DNSSEC only secures DNS records, and on its own does not help at verifying certificates. This mitigates DNS hijacking (when some man in the middle, for example a network provider threatened by governments) returns faked DNS records.
It does not help against other attacks, especially redirecting the traffic (without spoofing the DNS records) or tampering the traffic in-between (and wrapping it in TLS again). In this case, an attacker could use a valid certificate issued by a compromised CA.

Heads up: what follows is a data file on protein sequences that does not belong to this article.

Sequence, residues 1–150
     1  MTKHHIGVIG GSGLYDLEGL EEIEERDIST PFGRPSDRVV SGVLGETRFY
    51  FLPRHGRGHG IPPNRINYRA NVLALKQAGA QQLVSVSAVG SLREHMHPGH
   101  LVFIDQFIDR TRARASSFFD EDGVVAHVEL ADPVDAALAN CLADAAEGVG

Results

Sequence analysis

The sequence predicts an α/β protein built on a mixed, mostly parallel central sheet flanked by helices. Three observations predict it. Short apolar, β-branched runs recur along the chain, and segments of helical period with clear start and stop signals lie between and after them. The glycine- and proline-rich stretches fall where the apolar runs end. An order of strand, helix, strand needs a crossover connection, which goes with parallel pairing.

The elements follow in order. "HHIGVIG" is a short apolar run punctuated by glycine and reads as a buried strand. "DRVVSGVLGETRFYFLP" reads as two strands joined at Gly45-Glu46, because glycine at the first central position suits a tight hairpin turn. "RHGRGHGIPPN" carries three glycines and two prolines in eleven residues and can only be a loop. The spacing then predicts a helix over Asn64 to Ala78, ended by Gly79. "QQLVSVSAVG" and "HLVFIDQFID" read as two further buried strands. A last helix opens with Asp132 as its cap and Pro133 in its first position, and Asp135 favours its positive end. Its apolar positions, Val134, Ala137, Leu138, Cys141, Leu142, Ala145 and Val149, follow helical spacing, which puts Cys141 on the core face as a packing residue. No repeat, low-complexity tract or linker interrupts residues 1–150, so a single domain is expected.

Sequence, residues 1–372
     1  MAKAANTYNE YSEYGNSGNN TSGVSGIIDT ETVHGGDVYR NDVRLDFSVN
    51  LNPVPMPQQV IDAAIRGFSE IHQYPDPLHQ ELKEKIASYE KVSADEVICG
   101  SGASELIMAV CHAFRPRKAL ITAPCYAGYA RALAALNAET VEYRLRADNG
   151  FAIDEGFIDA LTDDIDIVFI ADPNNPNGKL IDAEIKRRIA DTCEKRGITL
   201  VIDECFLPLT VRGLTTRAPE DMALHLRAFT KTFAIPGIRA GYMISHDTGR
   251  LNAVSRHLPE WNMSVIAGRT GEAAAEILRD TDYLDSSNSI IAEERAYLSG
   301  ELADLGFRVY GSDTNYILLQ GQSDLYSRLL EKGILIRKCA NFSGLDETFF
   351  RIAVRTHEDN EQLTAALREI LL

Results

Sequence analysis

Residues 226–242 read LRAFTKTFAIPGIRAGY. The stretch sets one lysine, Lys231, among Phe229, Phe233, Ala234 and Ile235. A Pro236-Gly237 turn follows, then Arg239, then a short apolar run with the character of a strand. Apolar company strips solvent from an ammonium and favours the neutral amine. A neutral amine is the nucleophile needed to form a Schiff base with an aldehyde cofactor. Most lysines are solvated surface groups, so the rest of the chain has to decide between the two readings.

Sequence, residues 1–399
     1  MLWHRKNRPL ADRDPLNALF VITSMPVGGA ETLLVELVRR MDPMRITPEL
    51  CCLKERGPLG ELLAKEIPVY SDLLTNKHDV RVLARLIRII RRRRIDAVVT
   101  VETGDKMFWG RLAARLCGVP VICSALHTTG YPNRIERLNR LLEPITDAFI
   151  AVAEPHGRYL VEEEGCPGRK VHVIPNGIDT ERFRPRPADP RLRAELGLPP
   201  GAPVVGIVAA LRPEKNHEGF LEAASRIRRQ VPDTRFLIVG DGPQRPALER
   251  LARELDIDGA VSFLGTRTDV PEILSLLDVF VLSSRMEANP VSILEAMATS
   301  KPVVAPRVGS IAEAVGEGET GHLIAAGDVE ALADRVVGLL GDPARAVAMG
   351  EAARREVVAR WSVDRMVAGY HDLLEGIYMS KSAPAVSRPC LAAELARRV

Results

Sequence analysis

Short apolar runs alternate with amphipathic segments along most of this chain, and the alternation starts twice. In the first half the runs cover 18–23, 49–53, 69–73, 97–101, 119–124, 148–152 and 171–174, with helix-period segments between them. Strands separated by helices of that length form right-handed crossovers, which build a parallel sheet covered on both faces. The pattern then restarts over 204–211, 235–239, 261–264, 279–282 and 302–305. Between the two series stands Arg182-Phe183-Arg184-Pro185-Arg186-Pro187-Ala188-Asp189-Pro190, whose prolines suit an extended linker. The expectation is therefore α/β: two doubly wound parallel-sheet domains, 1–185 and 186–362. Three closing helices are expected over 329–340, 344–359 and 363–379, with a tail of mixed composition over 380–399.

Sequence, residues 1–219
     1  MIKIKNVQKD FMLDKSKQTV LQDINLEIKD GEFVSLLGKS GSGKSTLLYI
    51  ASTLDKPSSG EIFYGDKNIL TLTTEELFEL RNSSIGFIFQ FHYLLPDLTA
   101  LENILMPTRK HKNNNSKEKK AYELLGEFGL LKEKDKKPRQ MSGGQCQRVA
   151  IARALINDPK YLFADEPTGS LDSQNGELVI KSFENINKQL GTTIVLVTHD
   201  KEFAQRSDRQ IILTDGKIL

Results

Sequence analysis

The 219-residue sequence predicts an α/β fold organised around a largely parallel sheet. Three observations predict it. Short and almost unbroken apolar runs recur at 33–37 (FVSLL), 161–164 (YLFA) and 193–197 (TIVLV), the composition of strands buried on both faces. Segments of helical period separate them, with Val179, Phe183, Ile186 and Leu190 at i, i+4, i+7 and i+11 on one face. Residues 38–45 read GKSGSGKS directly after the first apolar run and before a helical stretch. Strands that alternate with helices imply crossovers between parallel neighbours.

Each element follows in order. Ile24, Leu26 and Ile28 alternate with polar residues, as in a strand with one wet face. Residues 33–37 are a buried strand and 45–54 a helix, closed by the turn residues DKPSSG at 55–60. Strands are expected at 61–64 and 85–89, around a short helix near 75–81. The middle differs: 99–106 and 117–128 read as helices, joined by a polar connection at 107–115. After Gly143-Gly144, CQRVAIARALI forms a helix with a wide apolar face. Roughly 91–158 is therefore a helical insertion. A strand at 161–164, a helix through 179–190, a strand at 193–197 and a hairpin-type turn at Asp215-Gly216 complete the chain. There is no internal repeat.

DANE uses special, DNSSEC-signed DNS records (TLSA-records) which declare what certificates are allowed for a domain. If you put together DNSSEC and DANE, it is possible to either declare self-signed certificates as trusted (verified against the DNSSEC trust hierarchy), or have a second validation path of CA-signed certificates.
The large disadvantage of DANE: implementation coverage is still very, very low; pretty much nobody is using (or even able to use) it at the time of this answer: Firefox and Chrome plugins are available, and Postfix has support for it.